Area JPB suspends conditional use permit
The Bemidji Area Joint Powers Board on Wednesday voted unanimously to suspend the conditional use permit issued to Mike Schulke, the owner of Bemidji Iron & Recycling.
While the CUP is suspended, Schulke will be allowed to move material out of the property located on Bemidji Road Northeast and Sumac Road Northeast, but will not be allowed to move material in.
The CUP for Schulke previously was approved with 12 conditions by the Northern Township board on Feb. 12.
Mel Milender, Northern Township's planning and zoning administrator, submitted a memo in July that stated that the business was not complying with some of the CUP conditions required to be met by July 1.
Karen Fredrickson, who lives on nearby Pearl Drive Northeast, spoke during the public hearing and said the business is noisy, smelly and loud. She also said it operates outside of allowed business hours and materials were visible above the fence.
"It's a nuisance," she said.
JPB members voted unanimously to temporarily suspend the CUP. Board member Richard Lehmann, Bemidji's mayor, said Schulke had since February to meet the terms of the CUP. He noted the last line of the permit, which states that any violation of the conditions will result in the permit's immediate revocation.
"The last line for me speaks a lot," he said.
In order to have the CUP reinstated, Schulke must meet the following conditions:
E have no more violations of operating the business outside of allowed business (7:30 a.m. to 5 p.m. weekdays and 8 a.m. to noon Saturdays).
E the crusher must be moved and conducted north of existing buildings.
E move all materials to the required areas.
Once those conditions have been met, Schulke will be allowed to begin moving material onto the property and again operate as usual.
Schulke previously was required to plant 10-foot trees in two rows on the north and east side of the business by the end of June and a single row of six-foot trees on the south property line behind the existing fence by July 1, 2008.
However, the JPB decided that due to Schulke's noncompliance, all previously required trees - and trees that had been required by July 1, 2008 - must be planted by Oct. 31, 2007, and maintained for survival for at least two years.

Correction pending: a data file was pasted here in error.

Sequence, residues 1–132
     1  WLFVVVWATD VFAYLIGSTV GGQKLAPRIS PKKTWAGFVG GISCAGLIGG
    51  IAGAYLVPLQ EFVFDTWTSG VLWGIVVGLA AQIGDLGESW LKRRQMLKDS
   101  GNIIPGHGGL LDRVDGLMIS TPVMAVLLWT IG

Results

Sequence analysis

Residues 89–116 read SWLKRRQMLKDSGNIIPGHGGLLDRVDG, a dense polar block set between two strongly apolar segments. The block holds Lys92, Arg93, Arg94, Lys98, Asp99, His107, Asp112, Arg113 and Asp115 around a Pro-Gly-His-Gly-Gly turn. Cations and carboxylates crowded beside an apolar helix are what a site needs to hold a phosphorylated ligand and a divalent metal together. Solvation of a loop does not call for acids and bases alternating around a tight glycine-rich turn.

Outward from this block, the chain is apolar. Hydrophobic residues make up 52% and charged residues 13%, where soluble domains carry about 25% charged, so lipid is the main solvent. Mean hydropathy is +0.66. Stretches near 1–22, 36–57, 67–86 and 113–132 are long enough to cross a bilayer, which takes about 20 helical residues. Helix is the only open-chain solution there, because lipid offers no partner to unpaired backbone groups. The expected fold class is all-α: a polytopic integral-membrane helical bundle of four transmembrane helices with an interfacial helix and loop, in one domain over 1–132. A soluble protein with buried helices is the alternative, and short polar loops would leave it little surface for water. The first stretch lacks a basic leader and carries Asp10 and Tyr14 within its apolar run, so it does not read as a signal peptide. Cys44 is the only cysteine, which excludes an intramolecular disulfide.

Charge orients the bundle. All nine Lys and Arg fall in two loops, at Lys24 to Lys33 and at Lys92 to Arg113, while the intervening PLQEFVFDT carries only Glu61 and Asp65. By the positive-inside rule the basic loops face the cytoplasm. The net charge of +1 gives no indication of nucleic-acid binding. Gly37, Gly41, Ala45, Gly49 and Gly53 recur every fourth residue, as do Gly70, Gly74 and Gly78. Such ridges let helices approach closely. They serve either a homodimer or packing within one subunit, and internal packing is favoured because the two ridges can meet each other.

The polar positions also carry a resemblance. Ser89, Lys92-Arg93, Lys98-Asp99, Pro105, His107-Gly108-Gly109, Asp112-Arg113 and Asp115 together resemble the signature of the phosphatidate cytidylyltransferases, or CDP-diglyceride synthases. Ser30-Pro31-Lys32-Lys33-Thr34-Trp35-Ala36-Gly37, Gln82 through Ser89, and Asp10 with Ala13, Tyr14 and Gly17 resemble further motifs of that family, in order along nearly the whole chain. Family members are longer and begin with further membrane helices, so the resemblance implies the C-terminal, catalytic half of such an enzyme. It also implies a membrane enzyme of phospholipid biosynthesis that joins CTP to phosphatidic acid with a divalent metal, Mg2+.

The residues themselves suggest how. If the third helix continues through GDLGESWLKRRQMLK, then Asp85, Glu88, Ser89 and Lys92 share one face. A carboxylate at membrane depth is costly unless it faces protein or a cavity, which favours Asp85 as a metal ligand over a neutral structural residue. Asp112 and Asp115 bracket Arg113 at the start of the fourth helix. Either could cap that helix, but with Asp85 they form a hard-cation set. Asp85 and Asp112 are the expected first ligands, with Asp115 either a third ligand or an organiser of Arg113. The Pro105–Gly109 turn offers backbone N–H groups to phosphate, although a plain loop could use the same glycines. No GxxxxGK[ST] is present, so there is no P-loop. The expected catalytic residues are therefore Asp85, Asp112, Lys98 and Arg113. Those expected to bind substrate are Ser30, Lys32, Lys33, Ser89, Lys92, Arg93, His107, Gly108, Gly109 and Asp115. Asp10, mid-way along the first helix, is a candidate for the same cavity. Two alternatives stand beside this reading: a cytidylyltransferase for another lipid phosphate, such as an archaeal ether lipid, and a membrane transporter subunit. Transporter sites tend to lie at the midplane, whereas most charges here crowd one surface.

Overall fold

Thomas Smith, a Bemidji attorney representing Schulke, said Schulke had taken steps toward meeting the conditions of the CUP. But, he said, he obviously had not yet planted the trees.
A letter was submitted by from Charles Thomas, the planter. He said it is too hot and dry to plant the trees now and that he was hesitant to plant before September.
Board members acknowledged this was true. Ron Johnson asked why Schulke had not planted the trees earlier in the year.
Smith said the CUP issue was approved in February and Schulke first addressed other matters, such as a new entrance into the business and moving equipment. By the time Schulke began looking into the tree planting, it was too late, he said.
"Could it have been done? Yeah," he said, adding that the entire time Schulke also still had to operate a business. "He thought he had more time."
Out of the 12 conditions initially imposed on the business in February, Schulke met four of them - and one, regarding the third set of trees, was not required to be met until next year.
During the public hearing, Fredrickson, who has lived in her home since 1998, said she believes the business is affecting potential home sales. She said one of her friends' daughters was interested in possibly purchasing a nearby lot, but changed her mind because of the business.
Russ Glen, who lives on Country Club Road Northeast, said he has lived in his home since 1980 and has "no problem" with Schulke's business, which opened in 1991 as a small operation before expanding.
"There have been some mistakes made in this area - and none of them by Mr. Schulke," Glen said.
Perhaps the Northern Township board should have zoned the area for residential from the beginning, he said. But, it didn't.
"Buyer beware," he said. "That business has been there a long, long time before people moved in."